Example of Dedicated Missionary Service
Excerpt from the talk titled: Example of Righteousness by Thomas S. Monson
Many years ago I spoke of one who took his example from the Savior, one who stood firm and true, strong and worthy through the storms of life. He courageously magnified his priesthood callings. He provides an example to each of us. His name was Thomas Michael Wilson, the son of Willie and Julia Wilson of Lafayette, Alabama.
When he was but a teenager and he and his family were not yet members of the Church, he was stricken with cancer, followed by painful radiation therapy, and then blessed remission. This illness caused his family to realize that not only is life precious but that it can also be short. They began to look to religion to help them through this time of tribulation. Subsequently, they were introduced to the Church, and eventually all but the father were baptized. After accepting the gospel, young Brother Wilson yearned for the opportunity of being a missionary, even though he was older than most young men when they begin their missionary service. At the age of 23, he received a mission call to serve in the Utah Salt Lake City Mission.
Elder Wilson’s missionary companions described his faith as unquestioning, undeviating, and unyielding. He was an example to all. However, after 11 months of missionary service, illness returned. Bone cancer now required the amputation of his arm and shoulder. Yet he persisted in his missionary labors.
Elder Wilson’s courage and consuming desire to remain on his mission so touched his nonmember father that he investigated the teachings of the Church and also became a member.
I learned that an investigator whom Elder Wilson had taught was baptized but then wanted to be confirmed by Elder Wilson, whom she respected so much. She, with a few others, journeyed to Elder Wilson’s bedside in the hospital. There, with his remaining hand resting upon her head, Elder Wilson confirmed her a member of The Church of Jesus Christ of Latter-day Saints.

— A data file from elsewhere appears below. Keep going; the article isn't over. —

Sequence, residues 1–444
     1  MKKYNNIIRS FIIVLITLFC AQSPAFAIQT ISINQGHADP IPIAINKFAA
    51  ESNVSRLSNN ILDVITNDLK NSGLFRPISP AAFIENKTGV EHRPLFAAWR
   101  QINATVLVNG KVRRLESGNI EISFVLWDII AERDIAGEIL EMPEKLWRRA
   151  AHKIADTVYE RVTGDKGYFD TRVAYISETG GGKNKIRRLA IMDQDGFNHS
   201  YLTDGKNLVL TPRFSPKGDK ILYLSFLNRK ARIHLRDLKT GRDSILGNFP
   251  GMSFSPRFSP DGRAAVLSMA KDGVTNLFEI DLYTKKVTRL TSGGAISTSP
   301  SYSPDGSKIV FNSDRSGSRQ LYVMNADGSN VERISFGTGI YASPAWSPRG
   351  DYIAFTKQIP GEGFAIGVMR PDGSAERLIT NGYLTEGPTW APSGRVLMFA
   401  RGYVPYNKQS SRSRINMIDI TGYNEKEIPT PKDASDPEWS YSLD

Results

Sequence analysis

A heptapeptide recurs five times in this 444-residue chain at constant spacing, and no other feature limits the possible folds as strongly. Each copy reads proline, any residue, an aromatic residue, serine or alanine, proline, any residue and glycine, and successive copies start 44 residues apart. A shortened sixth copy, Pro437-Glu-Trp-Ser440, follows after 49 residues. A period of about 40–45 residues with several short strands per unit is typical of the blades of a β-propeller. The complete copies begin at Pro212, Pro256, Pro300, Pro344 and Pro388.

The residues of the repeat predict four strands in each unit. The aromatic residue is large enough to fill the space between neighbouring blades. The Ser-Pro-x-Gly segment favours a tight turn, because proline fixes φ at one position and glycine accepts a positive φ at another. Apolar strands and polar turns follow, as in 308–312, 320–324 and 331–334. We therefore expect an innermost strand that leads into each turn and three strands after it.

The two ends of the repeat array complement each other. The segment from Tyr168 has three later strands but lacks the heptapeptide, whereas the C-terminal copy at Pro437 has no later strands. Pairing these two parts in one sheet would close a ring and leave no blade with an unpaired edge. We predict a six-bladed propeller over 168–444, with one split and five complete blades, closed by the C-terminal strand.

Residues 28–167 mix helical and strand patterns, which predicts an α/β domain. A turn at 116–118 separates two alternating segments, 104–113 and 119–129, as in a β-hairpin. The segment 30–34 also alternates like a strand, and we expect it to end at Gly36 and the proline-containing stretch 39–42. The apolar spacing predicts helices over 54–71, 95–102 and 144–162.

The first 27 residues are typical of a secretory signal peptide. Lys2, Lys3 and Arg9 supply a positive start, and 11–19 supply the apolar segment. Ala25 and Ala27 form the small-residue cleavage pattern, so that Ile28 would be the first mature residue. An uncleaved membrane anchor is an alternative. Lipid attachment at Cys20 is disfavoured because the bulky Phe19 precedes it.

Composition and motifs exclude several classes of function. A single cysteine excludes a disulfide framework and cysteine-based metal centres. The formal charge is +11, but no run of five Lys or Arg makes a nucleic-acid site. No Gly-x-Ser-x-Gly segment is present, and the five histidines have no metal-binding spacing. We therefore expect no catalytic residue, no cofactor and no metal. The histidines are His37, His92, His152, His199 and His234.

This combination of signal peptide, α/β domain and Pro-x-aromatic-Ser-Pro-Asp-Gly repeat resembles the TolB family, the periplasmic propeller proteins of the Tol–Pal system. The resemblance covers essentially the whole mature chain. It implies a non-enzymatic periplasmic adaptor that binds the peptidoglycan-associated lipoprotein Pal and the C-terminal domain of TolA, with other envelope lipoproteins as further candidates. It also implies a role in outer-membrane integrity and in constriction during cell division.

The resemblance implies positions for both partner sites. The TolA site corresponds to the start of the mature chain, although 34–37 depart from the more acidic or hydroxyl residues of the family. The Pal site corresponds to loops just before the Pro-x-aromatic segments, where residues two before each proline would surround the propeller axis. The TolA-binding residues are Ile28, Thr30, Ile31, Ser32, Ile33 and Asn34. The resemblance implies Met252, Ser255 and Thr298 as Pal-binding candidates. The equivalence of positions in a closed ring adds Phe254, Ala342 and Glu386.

Elder Wilson continued month after month his precious but painful service as a missionary. Blessings were given; prayers were offered. Because of his example of dedication, his fellow missionaries lived closer to God.
Elder Wilson’s physical condition deteriorated. The end drew near, and he was to return home. He asked to serve but one additional month, and his request was granted. He put his faith in God, and He whom Thomas Michael Wilson silently trusted opened the windows of heaven and abundantly blessed him. His parents, Willie and Julia Wilson, and his brother Tony came to Salt Lake City to help their son and brother home to Alabama. However, there was yet a prayed-for, a yearned-for blessing to be bestowed. The family invited me to come with them to the Jordan River temple, where those sacred ordinances which bind families for eternity, as well as for time, were performed.
I said good-bye to the Wilson family. I can see Elder Wilson yet as he thanked me for being with him and his loved ones. He said, “It doesn’t matter what happens to us in this life as long as we have the gospel of Jesus Christ and live it. It doesn’t matter whether I teach the gospel on this or the other side of the veil, so long as I can teach it.” What courage. What confidence. What love. The Wilson family made the long trek home to Lafayette, where Elder Thomas Michael Wilson slipped from here to eternity. He was buried there with his missionary tag in place.
My brethren, as we now leave this general priesthood meeting, let us all determine to prepare for our time of opportunity and to honor the priesthood we bear through the service we render, the lives we bless, and the souls we are privileged to help save.